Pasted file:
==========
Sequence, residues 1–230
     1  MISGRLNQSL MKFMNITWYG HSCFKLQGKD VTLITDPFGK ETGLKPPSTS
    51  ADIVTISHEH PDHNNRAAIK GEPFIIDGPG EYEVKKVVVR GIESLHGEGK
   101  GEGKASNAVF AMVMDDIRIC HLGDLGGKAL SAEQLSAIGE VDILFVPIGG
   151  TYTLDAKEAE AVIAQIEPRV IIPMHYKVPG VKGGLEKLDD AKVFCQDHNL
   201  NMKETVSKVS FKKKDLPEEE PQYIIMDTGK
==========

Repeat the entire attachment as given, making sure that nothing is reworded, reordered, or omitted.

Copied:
Sequence, residues 1–230
     1  MISGRLNQSL MKFMNITWYG HSCFKLQGKD VTLITDPFGK ETGLKPPSTS
    51  ADIVTISHEH PDHNNRAAIK GEPFIIDGPG EYEVKKVVVR GIESLHGEGK
   101  GEGKASNAVF AMVMDDIRIC HLGDLGGKAL SAEQLSAIGE VDILFVPIGG
   151  TYTLDAKEAE AVIAQIEPRV IIPMHYKVPG VKGGLEKLDD AKVFCQDHNL
   201  NMKETVSKVS FKKKDLPEEE PQYIIMDTGK